Jeff said when he was about 6 years old he saw the Beatles on the Ed Sullivan TV show and was hooked. “I knew right away I was going to be a guitar player. I would use an old broom stick to pretend I had a guitar!” Jeff also plays a little banjo and bass guitar. The birth of Flying Fish happened as the result of a fireside jam session with Todd Lorenc. “I am 14 years older than Todd so I am like his big brother. Todd was invited to a bachelor party at my house that my son and his friend were having. Todd and I started talking about music and found out that we both loved the Beatles. I told Todd I had a couple of acoustic guitars. We grabbed those and sat by the campfire for three hours and jammed. That was 10 years ago! Our first gig, which was not paid, was at The Next Picture Show Gallery in Dixon. From there word of mouth spread and we started getting paying jobs. Todd began playing music when he was about 15. “My dad was a semi-professional sax player in bands around Chicago and Joliet so I was raised around music. He was my main influence. I did not want to play a horn but I knew I wanted to play music.” So if you are keeping score, that is two bands for Todd. The third band that Todd plays in is called Firefly. Todd’s wife, Shelly, is also in this band where she and her best friend are the vocalists. Shelly plays drums now and then also, so music is in the Lorenc family. Firefly is a five piece band that plays pop covers. “Any of our bands are for hire for weddings, parties, family reunions, fundraisers and other events. When I play at coffee houses or Books on First, I just tell them to give me the dates they have available. Then I can see which of the 3 bands I am in can fit the schedule.” The fourth and final band is the Abiding Word Worship team where Todd and his wife play and sing for their church services and functions along with other talented musicians in their church. Meet Burn N’ Bush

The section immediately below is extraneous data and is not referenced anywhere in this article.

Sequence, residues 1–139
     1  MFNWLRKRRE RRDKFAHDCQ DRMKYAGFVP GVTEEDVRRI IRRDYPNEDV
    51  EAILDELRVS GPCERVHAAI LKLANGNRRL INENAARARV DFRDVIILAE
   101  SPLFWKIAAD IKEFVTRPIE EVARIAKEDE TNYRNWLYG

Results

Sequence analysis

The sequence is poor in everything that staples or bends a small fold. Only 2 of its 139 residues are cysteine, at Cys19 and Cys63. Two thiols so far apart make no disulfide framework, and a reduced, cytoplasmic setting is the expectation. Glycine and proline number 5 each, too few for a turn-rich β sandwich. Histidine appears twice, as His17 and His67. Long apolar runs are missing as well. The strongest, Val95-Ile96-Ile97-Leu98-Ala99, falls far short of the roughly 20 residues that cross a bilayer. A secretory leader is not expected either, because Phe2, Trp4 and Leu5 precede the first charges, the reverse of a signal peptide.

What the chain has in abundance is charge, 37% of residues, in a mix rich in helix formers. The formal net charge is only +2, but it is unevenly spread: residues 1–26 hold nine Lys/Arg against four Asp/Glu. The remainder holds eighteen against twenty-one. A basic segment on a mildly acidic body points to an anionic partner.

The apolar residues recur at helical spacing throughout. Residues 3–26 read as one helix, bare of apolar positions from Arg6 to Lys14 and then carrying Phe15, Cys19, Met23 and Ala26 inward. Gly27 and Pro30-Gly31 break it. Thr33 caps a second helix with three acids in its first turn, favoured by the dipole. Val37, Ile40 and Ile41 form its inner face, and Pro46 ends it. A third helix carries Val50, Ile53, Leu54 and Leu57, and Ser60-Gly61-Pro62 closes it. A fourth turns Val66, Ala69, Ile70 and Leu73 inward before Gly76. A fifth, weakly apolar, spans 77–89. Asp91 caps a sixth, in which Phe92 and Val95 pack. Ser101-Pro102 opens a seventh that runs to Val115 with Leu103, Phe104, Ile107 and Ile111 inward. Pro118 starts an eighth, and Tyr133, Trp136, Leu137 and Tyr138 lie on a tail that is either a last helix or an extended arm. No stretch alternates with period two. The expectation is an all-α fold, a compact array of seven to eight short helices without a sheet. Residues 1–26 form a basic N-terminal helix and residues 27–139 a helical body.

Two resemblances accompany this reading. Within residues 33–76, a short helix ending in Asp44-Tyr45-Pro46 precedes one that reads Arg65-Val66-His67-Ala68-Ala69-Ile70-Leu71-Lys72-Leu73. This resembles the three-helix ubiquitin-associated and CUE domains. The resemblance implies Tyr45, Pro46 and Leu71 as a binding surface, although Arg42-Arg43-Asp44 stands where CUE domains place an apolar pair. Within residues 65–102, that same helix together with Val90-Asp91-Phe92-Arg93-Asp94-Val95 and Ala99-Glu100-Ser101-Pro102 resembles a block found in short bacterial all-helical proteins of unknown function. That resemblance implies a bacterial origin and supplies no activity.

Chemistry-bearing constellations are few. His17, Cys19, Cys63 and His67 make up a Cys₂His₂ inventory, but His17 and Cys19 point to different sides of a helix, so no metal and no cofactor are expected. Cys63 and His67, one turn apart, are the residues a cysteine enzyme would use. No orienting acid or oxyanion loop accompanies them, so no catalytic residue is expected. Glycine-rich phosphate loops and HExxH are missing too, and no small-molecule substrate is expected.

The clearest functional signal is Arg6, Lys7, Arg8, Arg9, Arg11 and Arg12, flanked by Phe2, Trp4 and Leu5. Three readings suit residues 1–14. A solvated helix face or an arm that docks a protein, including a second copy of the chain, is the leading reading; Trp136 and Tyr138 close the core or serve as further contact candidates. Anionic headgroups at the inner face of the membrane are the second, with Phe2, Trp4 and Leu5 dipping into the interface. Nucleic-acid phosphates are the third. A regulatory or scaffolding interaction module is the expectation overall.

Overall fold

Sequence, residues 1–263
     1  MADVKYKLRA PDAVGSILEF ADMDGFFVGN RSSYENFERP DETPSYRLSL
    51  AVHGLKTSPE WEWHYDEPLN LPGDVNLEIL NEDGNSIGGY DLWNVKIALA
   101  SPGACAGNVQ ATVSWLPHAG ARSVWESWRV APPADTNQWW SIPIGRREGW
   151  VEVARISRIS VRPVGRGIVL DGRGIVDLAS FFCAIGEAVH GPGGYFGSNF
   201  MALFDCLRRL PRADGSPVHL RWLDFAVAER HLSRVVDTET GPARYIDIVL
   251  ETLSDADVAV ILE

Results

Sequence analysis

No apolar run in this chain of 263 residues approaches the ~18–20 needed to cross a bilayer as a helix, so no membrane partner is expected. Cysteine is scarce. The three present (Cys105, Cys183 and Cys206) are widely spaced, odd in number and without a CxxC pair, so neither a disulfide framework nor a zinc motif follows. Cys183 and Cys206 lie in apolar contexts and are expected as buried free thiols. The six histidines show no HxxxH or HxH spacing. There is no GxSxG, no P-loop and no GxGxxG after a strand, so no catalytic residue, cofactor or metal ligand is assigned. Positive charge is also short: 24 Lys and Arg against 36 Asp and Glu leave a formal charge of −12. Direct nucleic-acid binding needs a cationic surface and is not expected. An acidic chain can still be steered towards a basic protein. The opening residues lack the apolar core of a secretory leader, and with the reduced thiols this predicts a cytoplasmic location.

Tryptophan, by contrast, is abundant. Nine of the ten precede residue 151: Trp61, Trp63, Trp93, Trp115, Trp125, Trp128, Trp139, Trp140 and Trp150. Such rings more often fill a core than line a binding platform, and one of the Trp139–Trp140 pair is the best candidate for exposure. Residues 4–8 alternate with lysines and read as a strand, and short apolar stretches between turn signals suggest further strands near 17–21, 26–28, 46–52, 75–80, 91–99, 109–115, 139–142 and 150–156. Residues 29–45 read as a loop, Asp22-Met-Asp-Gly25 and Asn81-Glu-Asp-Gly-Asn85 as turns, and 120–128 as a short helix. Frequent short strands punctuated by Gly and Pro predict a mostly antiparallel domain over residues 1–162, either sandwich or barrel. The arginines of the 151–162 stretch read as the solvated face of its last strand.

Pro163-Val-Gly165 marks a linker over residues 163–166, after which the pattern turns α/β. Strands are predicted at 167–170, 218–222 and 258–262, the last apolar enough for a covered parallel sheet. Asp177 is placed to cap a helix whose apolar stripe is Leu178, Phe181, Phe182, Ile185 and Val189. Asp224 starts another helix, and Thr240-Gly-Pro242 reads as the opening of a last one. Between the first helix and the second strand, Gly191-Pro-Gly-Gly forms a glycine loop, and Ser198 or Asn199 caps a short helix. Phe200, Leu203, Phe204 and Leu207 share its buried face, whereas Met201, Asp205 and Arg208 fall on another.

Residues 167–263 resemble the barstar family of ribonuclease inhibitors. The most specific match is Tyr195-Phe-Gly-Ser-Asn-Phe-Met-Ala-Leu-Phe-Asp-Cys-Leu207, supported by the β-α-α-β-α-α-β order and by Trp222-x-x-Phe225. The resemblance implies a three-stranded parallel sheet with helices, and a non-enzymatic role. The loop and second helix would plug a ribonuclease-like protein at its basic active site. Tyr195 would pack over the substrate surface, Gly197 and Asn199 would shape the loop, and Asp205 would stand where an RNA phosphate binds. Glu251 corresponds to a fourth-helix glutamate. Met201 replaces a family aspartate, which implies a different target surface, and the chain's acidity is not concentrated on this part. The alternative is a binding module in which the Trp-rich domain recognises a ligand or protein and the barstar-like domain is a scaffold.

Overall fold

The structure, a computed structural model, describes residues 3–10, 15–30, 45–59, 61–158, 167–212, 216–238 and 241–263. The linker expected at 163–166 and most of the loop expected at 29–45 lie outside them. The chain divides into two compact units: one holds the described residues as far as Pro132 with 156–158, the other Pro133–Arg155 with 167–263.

Burn N’ Bush is a 2 man acoustic band, consisting of Rod Burnette (his wife Lynn works in Payroll), and Dave Bushman, Scheduling Expeditor. “We started in late 2009. We basically got together to learn Christmas songs for a Christmas party and we took off from there” said Bushman. Dave plays a 12 string acoustic guitar and sings while Rod also sings and plays a Cajon. For those of you unfamiliar with a Cajon, pronounced Ka-Hon, it is a 2 sided box instrument made of thin plywood. The person playing the Cajon sits on